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History of Tioga County, Pennsylvania online

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northern part of Tioga and the eastern part of Elkland, to be erected into a
separate township. Whereupon, February 32, 1816, the court appointed Charles
Blanchard, John Cady and Daniel Walker, viewers, who at the following term
reported in favor of setting off the new township, and the report was confirmed
nisi. At the^ September term following (September 16), "upon the petition of
divers inhabitants of the townships of Tioga and Elkland, setting forth that a

* By Rev. David Craft, of I^awrenceville.


township hath lately been formed out of part of each of the townships of Elkland
and Tioga, which township, if confirmed by order of the court, will be injurious
and burdensome" to the inhabitants of said townships, and therefore "pray the
court to appoint suitable persons to reyiew the same. The court upon due con-
sideration do order and appoint Ebenezer Seelye, Elihu Hill and Lorentes Jack-
son, to review the township thus laid off as aforesaid and enquire into the pro-
priety of forming the same." At the following December term (December 6),
the reviewers reported as follows: "That we consider the convenience of a more
compact township to overbalance the expense that will eventually arise from such
division, therefore, think proper that the new township begin at the ninety-fifth mile-
stone of the York State line; thence south four miles to a hemlock comer; thence
east eight miles and a half to a stake; thence north four miles to the State line;
thence along said State line [west] to the place of beginning. The report having
been read the first time on the 17th of this month, December, and a second time
on the 18th instant, the court (consisting of Hon. James Burnside, president; Ira
Kilburn and Samuel W. Morris, associate judges) do approve and confirm the
same, and order and direct that it be entered of record, according to the courses
and distances aforesaid, and in grateful remembrance of the gallant James Law-
rence, of the United States navy, who fell in the action between the Chesapeake
and the Shannon, call this township Lawrence."

The township as thus described is bounded on the north by the New York
state line, on the east by Jackson, on the south by Tioga and Farmington, on the
west by Farmington and Kelson, and contains thirty-four squsj-e miles, 30,760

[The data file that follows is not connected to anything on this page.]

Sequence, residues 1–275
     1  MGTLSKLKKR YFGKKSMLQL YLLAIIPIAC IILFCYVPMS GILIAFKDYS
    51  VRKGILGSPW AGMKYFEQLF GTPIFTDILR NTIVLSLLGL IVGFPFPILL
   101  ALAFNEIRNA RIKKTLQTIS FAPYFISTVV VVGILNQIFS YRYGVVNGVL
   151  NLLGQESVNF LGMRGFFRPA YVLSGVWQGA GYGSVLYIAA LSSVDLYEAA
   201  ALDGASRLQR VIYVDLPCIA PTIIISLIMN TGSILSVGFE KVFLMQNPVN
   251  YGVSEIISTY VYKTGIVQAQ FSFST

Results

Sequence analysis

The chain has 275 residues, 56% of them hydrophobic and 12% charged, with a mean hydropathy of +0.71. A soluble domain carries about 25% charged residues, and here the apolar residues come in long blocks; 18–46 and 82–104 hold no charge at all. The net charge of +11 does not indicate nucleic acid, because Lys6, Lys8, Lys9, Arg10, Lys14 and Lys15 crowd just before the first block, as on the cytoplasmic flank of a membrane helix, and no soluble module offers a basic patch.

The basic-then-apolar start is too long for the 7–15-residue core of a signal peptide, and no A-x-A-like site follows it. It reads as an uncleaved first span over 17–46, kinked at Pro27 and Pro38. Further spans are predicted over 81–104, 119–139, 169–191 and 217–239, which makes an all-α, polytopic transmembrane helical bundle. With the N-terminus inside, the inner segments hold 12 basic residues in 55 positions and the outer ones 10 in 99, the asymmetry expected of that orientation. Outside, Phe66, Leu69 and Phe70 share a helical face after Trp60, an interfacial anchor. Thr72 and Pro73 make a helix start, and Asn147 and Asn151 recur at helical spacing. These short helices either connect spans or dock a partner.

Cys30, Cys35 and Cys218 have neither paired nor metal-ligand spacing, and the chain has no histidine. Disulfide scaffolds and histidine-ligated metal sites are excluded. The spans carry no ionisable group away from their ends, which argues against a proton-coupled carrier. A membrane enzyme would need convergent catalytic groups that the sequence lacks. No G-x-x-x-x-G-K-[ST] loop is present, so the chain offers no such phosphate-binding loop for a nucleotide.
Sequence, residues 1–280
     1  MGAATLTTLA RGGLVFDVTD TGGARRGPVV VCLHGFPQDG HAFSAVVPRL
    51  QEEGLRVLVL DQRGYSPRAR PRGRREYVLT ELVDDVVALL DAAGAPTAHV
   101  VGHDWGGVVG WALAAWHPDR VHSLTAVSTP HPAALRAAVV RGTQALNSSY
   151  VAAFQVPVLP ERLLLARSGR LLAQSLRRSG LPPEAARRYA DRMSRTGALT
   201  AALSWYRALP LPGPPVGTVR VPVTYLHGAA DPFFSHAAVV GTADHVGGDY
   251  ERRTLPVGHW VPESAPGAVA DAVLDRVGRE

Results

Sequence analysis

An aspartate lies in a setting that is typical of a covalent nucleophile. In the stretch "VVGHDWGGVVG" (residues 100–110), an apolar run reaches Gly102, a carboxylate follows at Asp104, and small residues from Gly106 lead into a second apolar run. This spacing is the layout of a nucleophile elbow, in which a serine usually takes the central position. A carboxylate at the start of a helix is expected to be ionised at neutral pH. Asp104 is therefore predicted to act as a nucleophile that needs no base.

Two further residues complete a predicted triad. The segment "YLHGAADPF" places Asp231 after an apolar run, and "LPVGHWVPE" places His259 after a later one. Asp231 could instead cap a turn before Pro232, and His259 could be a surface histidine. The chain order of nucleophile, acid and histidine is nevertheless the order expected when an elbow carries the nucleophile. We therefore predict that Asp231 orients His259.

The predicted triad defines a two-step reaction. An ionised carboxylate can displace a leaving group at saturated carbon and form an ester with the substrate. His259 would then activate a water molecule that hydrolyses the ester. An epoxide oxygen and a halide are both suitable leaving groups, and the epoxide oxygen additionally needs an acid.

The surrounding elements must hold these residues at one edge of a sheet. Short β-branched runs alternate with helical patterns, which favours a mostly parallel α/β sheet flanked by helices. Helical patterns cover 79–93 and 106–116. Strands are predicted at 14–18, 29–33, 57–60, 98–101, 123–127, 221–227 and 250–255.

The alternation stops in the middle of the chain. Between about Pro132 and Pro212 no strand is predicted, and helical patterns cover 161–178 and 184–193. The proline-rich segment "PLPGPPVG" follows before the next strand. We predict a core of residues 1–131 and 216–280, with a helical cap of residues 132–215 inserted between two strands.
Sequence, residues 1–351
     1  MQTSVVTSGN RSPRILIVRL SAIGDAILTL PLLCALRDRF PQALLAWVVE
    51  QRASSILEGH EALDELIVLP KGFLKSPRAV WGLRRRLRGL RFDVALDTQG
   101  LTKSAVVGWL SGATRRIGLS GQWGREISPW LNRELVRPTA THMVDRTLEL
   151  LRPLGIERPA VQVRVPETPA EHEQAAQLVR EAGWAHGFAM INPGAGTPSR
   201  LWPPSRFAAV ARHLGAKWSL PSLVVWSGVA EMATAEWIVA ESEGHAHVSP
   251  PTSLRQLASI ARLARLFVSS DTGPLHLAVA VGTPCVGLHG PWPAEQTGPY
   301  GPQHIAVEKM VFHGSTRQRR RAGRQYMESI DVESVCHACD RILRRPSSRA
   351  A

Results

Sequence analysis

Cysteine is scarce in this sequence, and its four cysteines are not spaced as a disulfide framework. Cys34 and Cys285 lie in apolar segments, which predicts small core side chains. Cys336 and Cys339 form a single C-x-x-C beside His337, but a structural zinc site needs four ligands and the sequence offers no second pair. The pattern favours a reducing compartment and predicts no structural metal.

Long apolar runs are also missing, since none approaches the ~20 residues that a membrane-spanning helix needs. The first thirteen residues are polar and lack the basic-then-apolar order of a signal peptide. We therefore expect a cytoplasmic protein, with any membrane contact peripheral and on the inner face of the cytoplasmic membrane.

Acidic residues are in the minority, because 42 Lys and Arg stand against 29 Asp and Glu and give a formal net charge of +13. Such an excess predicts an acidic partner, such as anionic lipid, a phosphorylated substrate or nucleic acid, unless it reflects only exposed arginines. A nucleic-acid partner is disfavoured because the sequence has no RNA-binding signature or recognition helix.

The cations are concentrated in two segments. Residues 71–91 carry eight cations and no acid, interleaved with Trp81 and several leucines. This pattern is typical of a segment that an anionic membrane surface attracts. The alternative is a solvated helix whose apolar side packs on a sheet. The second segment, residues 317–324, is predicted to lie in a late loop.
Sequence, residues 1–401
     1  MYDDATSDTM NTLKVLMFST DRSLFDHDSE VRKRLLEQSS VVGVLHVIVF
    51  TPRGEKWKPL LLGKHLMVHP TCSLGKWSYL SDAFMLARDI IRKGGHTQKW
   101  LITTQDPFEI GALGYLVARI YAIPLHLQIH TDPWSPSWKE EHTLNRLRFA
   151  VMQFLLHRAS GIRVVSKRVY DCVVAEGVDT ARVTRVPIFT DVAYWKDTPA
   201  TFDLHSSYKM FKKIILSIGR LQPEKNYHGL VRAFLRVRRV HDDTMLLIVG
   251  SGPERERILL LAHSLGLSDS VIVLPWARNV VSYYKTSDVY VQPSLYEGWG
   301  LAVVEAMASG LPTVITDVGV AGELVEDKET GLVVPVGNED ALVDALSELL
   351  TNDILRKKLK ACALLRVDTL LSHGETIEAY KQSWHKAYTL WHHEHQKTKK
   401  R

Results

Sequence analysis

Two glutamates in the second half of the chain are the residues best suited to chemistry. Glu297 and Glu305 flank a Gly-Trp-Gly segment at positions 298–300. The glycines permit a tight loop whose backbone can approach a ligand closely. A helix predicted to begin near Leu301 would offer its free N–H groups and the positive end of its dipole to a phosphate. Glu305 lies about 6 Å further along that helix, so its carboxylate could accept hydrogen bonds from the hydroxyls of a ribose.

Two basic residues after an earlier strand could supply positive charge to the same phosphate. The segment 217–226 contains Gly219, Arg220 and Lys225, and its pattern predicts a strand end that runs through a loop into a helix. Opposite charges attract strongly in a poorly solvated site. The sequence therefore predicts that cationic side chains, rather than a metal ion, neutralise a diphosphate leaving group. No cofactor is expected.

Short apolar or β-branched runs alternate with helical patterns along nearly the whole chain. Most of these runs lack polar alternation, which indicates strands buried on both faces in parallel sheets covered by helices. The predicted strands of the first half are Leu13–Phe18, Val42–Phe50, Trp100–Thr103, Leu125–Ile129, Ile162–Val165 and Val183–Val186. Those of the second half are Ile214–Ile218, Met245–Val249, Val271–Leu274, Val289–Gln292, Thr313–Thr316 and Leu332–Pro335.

acres, nearly all of which is arable land. The Tioga river enters the south line
of the township about three miles from its southeast corner, takes a course a little
west of north, leaving the township a few rods east of the ninetieth milestone.
The Cowanesque, its principal affluent, enters the township from the west, about
a mile and a half south from its northwest corner, flows in a mean northeasterly
direction, leaves the township between the ninetieth and ninety-first milestones,
and empties itself into the Tioga a short distance north of the State line. These
streams flow through broad valleys, whose rich soil, of deep alluvium, is very pro-
ductive and adapted to great variety of culture. While all crops are remu-
nerative, of late years tobacco has been the leading product. The valleys are
bounded by low ranges of hills from 500 to 600 feet in height, when they spread
out in broken plateaus, which, until recently, were heavily timbered, but now
contain some of the best farms in the coimty. The principal streams that fall
into the Tioga from the east are. Smith's, Hart's and Westbrook creeks, which,
having their heads in the plateau above the river flats, have cut deep ravines
through the soft shales, not wide enough for farming purposes, but affording
magnificent scenery and beautiful drives on roads of easy grades. The Tioga
branch of the Erie railway is built in the ravine of Westbrook creek. On the
west there are no affluents of any size within the limits of the township. A creek
of considerable size, having its sources in the Farmington hills, flows into the
Cowanesque at Tompkins, the only affluent of much volume it receives after enter-
ing the township.



Those familiar with Pennsylvania history will remember that the charter of
the Connecticut Colony gave her a territory extending through its entire breadth
of latitude from Charles river to the Pacific ocean, except where occupied by
some other Christian prince or State. The territory subsequently grajited to
William Penn lapped tipon this grant more than the width of one degree of
latitude, across the entire northern part of Pennsylvania. Connecticut claimed
this on the ground that her charter was nineteen years older than Penn's. Ac-
cordingly, in 1754, she assigned to certain freemen and their associates, known
as the Susquehanna Company, that portion of her territory from ten miles east
of the northeast branch of the Susquehanna river, westward through the whole